Responsive Design Overview, Resources and Tools

Jun 11, 2013

Responsive Web design refers to a fluidly constructed Web page layout that scales from handheld device displays to large, high-resolution computer displays using flexible typography, flexible images, fluid grids, and CSS3 media queries.

For years, most Web teams designed for the desktop. Branding, navigation, work flows – the overall look & feel of online applications – were all considered reasonable areas to distinguish one’s online presence from others. Things have changed so dramatically over the past few years that starting with the desktop may now be the backwards way of creating a web site. We have to be able to think in systems. Mobile is a helpful wedge there, because you just see the panic on people’s faces when they say, “What do you mean, I have to support the iPhone and Android and Blackberry and tablets … and is this ever going to get better?”

No, it’s not going to get better. The interactive landscape is increasingly complex. It includes a vast array of mobile devices (feature phones, smartphones, tablets), highly-specialized devices (eReaders, TVs, Internet of things) and more traditional digital devices (desktops, laptops, netbooks). Plus, we don’t know what’s right around the corner. So the question becomes clear: How do we design for all these devices? The only way we’re ever going to support all those things is if we have a reusable content store that is flexible, intelligent, and nimble.

Read: Small, cheap devices will disrupt our old-school UX assumptions (The Coming Zombie Apocalypse) which discusses how the coming wave of cheap electronic devices will end up disrupting the old user experience assumptions.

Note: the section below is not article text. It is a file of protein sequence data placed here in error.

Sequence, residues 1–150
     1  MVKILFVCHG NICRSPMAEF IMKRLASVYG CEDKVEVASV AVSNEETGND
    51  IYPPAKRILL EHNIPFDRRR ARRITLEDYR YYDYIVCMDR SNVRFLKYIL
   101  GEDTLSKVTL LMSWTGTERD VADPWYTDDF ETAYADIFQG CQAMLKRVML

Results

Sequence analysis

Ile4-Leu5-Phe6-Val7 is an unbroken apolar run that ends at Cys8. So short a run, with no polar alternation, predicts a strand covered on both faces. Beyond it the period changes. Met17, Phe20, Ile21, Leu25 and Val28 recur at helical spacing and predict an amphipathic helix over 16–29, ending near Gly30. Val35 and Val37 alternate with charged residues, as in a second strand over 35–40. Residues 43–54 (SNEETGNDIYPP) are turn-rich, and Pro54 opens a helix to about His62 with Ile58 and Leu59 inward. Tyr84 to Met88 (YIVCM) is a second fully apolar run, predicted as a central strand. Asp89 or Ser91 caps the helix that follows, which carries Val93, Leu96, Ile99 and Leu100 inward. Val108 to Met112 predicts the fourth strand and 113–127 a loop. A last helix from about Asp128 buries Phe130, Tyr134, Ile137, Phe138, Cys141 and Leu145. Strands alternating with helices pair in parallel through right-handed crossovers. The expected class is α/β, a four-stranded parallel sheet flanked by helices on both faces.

Why Use Responsive Web Design?

From a mobile user experience perspective, forcing the use of separate mobile versions of websites or mobile apps presents a problem, specifically with the consistency and continuity of following hyperlinks. Often links to desktop web content break when a mobile redirect is inserted without the intelligence to find the equivalent mobile version of the content in question. Worse, if a mobile user tries to access a hyperlink and is presented instead with a full screen advertisement to go to their app store and download the mobile app for the organization they’re trying to get at, they are inconvenienced with either having to go through all the downloading and installation steps and waiting, or else they are going to have to click out of the advertisement and hope that they can still access the content they intended to see. Why not just deliver the content to the user in a tidy mobile format with a single URL that is intelligent enough to reformat the layout based on the dimensions of the screen being used to access it?

In addition to the user experience considerations, mobile versions of websites and mobile content apps are arguably an unnecessary additional expense and effort to maintain, and mobile applications developed using native APIs such as Objective-C require additional skills to develop. Moreover, the development team is subject to the whims of the approval process of the app store in question to publish and distribute their apps and any maintenance updates.

Finally, using responsive design techniques means that your web layout stands a stronger chance of being able to adapt to the wide range of screens currently available, as well as future devices that haven’t hit the market yet.

Future-friendly Theming

  • The base content and default presentation are mobile, and optimized for the very simplest devices first. We’ve defined this as ‘basic’ support.
  • Devices with small screens and media query support are served an enhanced layout—and occasionally—more complex content. We’ve called this ‘mobile’.
  • Finally, the layout and content are smartly enhanced to reflect the ‘desktop’ context.




Other Responsive Resources